Encyclopedia o f Chicago
Entries : Rap


Honorary Frankie Knuckles Way, 2005
Blending a distinct vocal style with rhythms often borrowed from older recordings, rap (also known as hip-hop) began in New York City during the late 1970s. It soon spread to Los Angeles, and within a decade it had matured into a vibrant expression of urban, largely black, experience. New York and Los Angeles have continued to produce the lion's share of important rap artists, whereas Chicago has contributed little to the genre—little, that is, unless one counts “The Super Bowl Shuffle,” a novelty hit recorded by the Chicago Bears football team in 1985. Meanwhile, it became commonplace for serious rappers to cite the Nation of Islam, a Black Muslim organization headquartered in Chicago, as a lyrical and ideological influence, a rap theme often resulting in controversy.

Rap is unique as a musical genre; all other urban genres of the century, including jazz, blues, and disco, have flourished in Chicago. House music, which, with its use of sequencers, synthesizers, and samples, is parallel to rap, arose in gay African American clubs in the West Loop as rap was taking shape.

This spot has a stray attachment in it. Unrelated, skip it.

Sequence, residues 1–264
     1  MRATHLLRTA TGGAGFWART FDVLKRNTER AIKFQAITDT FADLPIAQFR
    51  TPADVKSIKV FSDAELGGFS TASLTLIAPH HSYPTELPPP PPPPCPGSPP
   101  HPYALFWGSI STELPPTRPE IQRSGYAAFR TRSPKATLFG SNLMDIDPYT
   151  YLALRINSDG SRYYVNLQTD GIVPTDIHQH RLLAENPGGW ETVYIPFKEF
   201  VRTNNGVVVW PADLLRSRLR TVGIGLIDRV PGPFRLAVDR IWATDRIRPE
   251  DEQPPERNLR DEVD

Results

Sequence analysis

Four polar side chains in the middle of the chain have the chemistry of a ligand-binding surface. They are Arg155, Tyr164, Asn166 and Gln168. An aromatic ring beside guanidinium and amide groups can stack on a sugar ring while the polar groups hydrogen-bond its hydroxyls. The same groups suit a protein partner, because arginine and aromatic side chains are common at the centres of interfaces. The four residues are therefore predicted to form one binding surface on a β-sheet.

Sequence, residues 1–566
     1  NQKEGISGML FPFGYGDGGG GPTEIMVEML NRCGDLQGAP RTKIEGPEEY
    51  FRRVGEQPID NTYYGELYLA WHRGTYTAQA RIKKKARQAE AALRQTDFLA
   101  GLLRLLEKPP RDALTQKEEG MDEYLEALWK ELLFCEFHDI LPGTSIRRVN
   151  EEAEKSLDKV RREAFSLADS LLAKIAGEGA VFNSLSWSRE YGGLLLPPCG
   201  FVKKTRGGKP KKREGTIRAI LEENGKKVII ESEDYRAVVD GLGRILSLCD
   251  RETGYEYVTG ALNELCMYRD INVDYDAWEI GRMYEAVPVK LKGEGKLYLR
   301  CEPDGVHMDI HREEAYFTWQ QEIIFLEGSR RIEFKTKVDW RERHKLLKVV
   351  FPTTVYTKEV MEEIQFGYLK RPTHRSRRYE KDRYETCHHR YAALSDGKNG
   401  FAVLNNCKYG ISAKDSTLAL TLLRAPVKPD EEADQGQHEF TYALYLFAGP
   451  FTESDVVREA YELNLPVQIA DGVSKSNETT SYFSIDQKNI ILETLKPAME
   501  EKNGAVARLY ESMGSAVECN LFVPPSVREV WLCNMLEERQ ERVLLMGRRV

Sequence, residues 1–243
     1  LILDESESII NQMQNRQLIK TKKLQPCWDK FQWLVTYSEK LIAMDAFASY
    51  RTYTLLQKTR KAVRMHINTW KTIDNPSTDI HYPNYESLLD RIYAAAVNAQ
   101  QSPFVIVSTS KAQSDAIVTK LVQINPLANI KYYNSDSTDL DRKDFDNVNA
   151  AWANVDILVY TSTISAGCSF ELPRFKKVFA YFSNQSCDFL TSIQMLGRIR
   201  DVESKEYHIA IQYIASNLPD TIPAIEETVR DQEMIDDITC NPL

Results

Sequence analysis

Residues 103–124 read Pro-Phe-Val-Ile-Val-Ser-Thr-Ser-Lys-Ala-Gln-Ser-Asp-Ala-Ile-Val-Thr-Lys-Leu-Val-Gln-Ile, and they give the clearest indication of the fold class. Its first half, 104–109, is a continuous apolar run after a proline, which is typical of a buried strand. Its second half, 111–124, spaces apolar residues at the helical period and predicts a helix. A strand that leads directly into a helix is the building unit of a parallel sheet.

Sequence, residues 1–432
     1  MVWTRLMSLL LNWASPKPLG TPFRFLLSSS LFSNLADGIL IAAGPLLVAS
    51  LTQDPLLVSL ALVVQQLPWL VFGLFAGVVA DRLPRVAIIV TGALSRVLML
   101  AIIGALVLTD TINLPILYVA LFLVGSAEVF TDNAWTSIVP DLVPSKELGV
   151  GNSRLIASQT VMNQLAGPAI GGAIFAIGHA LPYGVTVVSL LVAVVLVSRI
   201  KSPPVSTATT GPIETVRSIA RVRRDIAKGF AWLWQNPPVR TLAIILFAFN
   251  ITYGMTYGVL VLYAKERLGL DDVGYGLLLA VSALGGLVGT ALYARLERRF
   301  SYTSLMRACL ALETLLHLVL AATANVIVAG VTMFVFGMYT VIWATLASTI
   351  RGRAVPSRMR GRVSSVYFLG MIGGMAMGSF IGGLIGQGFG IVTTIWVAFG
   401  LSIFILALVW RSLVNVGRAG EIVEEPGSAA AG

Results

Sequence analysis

During the second half of the 1990s, Chicago produced a few rappers of note, though this hardly equaled the impact made on both coasts. Chicago rap acts have originated from the city's South and West Sides and include Twista (formerly Tung Twista, known for his rapid-fire vocal style), Do or Die, and Crucial Conflict, which had a minor hit in 1996 with “Hay.” The most important rap artist to emerge from Chicago, Common (formerly Common Sense), has introduced confession and introspection to a genre not known for exploring these softer sentiments. Common's success has fueled the ambitions of other local rappers, including Grav, Rubberoom, No I.D., and All Natural.

George, Nelson. Hip Hop America. 1998.
Rose, Tricia. Black Noise: Rap Music and Black Culture in Contemporary America. 1994.